As anglers, we tend frequently to research certain variables that are approaching us before spending our day on the water. We look at the weather forecast and take into consideration the wind, cloud cover, moon phases and much more. During summer, weather patterns on the Texas coast will remain constant for many days in a row: light wind in the morning, picking up around 10 AM, with variable cloud cover throughout the day. Even though weather can be quite predictable this time of year there is another piece of the puzzle that is usually very variable – tide levels.
Now I know that water level fluctuates with the tide and that can be predicted by simply referencing a tide chart. If we fish an area regularly we know what an area will look like on the day we plan to be there. However, to get the full picture we must combine the weather forecast with the tide prediction. As an example; if you combine a wind direction that causes a certain area to lose water with an already low tide prediction, you can bet the water level will be VERY LOW!
Like most anglers, I tend to look at the weather forecast daily to find a window to get on the water. I eagerly await the typical south wind to swing around to the north to produce the conditions I eagerly look forward to in the marshes. Most people look forward to this time to go offshore or wade fish the surf but I take advantage of this time to get skinny. With the shifting wind, water levels will begin to drop and it brings an opportunity that is too hard to pass up. In my opinion, skinny water fishing is one of the most rewarding and fun things an angler can do.
Since the water level has dropped, spotting redfish can be beyond effortless. They can be seen crawling in the shallows with their backs out of the water, their tails in the air, or pushing wakes across flats. What I hope for the most is being able to spot them before even setting up and making a cast. Sight-casting, to me, is the ultimate thrill in kayak fishing.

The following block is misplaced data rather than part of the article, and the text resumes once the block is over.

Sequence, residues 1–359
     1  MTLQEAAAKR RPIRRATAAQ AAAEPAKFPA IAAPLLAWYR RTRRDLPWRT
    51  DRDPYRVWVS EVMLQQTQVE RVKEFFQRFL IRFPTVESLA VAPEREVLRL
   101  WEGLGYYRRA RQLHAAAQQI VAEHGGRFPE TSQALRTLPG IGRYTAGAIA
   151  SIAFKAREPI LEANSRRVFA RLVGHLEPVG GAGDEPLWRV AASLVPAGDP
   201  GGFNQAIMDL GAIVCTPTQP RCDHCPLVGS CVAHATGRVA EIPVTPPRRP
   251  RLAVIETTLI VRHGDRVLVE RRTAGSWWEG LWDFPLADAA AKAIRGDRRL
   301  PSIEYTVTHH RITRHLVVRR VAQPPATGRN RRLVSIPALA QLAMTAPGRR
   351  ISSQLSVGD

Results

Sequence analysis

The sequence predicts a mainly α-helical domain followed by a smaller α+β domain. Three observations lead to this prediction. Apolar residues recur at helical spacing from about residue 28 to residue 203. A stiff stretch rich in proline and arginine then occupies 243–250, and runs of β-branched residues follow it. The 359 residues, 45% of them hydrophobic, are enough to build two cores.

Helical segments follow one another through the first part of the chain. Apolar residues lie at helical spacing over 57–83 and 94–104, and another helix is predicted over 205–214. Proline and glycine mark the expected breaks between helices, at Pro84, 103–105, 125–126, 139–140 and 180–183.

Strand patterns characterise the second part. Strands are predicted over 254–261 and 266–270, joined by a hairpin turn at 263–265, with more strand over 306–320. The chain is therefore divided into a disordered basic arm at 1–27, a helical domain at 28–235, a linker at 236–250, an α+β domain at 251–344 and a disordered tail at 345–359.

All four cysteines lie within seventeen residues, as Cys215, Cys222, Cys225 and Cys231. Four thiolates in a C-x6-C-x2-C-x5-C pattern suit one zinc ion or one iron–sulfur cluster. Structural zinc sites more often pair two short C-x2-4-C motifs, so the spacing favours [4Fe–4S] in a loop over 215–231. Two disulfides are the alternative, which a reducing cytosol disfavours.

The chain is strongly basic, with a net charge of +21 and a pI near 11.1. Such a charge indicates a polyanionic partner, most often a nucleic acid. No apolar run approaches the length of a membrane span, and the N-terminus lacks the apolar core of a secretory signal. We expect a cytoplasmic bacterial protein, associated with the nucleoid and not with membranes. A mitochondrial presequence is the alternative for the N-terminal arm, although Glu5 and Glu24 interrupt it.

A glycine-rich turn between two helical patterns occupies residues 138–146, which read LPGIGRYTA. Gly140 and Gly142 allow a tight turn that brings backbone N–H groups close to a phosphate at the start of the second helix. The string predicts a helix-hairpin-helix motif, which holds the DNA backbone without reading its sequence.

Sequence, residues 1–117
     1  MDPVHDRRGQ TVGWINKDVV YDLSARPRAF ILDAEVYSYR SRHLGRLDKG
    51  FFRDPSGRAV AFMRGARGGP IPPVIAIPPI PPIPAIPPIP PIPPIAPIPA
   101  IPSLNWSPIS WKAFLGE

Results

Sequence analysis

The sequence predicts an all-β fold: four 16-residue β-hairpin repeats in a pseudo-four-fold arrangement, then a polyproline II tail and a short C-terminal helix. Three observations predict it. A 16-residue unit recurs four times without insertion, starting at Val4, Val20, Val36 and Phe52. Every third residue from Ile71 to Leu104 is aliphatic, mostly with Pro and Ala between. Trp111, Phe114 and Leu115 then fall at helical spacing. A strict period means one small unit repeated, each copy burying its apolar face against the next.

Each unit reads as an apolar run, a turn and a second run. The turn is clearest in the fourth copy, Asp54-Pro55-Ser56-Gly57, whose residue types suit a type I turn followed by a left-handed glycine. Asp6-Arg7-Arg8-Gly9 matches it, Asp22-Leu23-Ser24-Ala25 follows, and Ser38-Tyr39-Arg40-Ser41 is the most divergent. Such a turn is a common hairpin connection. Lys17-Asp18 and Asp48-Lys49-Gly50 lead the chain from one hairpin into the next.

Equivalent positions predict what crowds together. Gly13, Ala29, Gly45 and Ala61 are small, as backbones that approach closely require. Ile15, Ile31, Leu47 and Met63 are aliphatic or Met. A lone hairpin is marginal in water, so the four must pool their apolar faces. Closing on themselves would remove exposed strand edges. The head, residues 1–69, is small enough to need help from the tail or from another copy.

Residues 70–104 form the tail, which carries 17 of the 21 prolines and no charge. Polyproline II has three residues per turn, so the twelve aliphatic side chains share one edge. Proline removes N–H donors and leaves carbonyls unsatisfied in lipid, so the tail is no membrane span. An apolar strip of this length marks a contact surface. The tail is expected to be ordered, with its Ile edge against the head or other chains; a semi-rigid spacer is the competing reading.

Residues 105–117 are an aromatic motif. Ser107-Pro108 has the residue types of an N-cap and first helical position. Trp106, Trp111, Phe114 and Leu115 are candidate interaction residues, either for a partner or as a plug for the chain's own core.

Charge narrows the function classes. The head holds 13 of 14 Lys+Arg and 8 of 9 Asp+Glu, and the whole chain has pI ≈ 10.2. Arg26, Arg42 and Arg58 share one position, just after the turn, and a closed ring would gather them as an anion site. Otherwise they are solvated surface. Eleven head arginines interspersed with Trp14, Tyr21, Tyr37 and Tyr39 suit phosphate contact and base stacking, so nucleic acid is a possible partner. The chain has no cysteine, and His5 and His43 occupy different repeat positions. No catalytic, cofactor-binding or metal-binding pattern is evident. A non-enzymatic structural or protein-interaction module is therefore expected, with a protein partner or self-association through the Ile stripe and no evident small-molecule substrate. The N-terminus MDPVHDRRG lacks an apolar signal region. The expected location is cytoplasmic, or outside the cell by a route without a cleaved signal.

When planning to target redfish in truly skinny water, I change up the presentation and lure choice from what I typically throw. I will usually still have my 1/4-ounce Johnson weedless gold spoon tied on but it does not get used as much as I normally throw it. I have found that it tends to get caught up in the grass too much in shallow water, becoming a big grass ball.
My other rods will be rigged with a much lighter set-up. I like to have at least one rod rigged with a size 5/0 Owner TwistLock worm hook, with either a Zoom Fluke or a Keitech FAT Impact Swimbait. This combination has proven to be a trusted producer for sight-casting to shallow water redfish. My last rod will typically be rigged with a BUGGS jig. If the BUGGS jig is not part of your arsenal you need to learn about it. When the fish are really finicky, a BUGGS is the way to go. My fishing partner Chad has also made me a believer in throwing a Stanley Ribbit Frog. It puts out a lot of vibration, it’s weedless, and the redfish will hammer it!
Catching redfish in the shallows may be a somewhat easy task but there is one problem when it comes to really skinny water - paddling through it. Kayaks are made to go shallow but there comes a point where it takes more than a little effort to get across a flat. Sometimes there is just enough water to float and you are pushing yourself with your paddle, and other times you have to scoot your kayak into slightly deeper water. It can become a lot of work and can be downright exhausting, but once you are there I think you will find it worth the effort.
One of my other favorite things about skinny water is the photography aspect. One of my favorite things to do is ease into a flat and never pick up a rod, only my camera. I find it exceptionally gratifying to creep stealthily into position and observe redfish and other wildlife behaving naturally in their environment. Capturing the moment with the camera and being able to share what I have experienced with others brings even greater joy.I have already had a few days this year that I was able to spend back in the marsh chasing skinny water reds. I have caught a few and have been able to capture a few very good photos along the way. I'll be patiently awaiting my window again this summer, any day now, for the water level to drop and to be able to sight-cast and make photos.